Biological Systems Engineering
Date of this Version
Published in Science of the Total Environment 858 (2023) 159696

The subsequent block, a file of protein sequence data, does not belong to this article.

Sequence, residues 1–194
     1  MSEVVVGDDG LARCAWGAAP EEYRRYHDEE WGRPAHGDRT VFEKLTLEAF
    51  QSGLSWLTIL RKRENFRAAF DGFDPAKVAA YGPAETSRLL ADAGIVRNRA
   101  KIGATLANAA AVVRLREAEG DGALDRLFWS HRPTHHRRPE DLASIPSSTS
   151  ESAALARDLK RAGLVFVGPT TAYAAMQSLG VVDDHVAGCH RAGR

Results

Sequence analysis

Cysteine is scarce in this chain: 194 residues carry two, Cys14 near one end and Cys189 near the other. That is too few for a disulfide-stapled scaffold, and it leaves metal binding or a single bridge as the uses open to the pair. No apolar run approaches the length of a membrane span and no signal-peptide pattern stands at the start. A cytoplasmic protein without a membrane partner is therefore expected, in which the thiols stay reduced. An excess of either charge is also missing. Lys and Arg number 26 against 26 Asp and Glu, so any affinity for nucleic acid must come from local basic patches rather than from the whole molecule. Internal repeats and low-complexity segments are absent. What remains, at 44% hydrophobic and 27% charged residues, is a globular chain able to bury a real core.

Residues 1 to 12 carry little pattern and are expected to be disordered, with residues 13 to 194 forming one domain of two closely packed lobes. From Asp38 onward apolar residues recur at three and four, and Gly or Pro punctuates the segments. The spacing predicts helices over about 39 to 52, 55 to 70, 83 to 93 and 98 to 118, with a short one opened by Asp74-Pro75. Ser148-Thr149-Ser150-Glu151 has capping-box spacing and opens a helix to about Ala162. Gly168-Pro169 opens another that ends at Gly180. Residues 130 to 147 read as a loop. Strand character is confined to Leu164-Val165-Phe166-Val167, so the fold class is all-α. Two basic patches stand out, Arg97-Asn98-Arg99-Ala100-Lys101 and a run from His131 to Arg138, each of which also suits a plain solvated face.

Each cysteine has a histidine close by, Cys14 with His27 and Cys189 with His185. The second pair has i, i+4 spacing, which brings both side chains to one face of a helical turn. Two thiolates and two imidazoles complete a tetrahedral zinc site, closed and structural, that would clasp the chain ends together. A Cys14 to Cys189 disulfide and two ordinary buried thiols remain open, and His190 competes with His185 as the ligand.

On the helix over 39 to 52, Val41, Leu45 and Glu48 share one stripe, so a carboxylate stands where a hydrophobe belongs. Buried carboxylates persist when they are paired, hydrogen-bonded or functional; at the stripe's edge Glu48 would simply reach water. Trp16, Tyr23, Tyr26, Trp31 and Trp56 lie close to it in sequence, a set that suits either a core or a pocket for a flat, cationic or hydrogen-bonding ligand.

Worldwide, tree or shrub dominated woodlands have encroached into herbaceous dominated grasslands. While very few studies have evaluated the impact of Eastern Redcedar (redcedar) encroachment on the water budget, none have analyzed the impact on water quality. In this study, we evaluated the impact of redcedar encroachment on the water budget in the Nebraska Sand Hills and how the decreased streamflow would increase nitrate and atrazine concentrations in the Platte River. We calibrated a Soil and Water Assessment Tool (SWAT model) for streamflow, recharge, and evapotranspiration. Using a moving window with a dilate morphological filter, encroachment scenarios of 11.9%, 16.1%, 28.0%, 40.6%, 57.5%, 72.5% and 100% were developed and simulated by the calibrated model. At 11.9% and 100% encroachment, streamflow was reduced by 4.6% and 45.5%, respectively in the Upper Middle Loup River, a tributary to the Platte River. Percolation and deep aquifer recharge increased by 27% and 26% at 100% encroachment. Streamflow in the Platte River, a major water source for Omaha and Lincoln, would decrease by 2.6%, 5.5% and 10.5% for 28%, 57.5%, and 100% encroachment of the Loup River watershed, respectively. This reduction in streamflow could increase nitrate and atrazine concentrations in the Platte River by 4 to 15% and 4 to 30%, respectively. While the density of redcedar is minimal, it is important to manage their encroachment to prevent reductions in streamflow and potential increases in pollutant concentrations.
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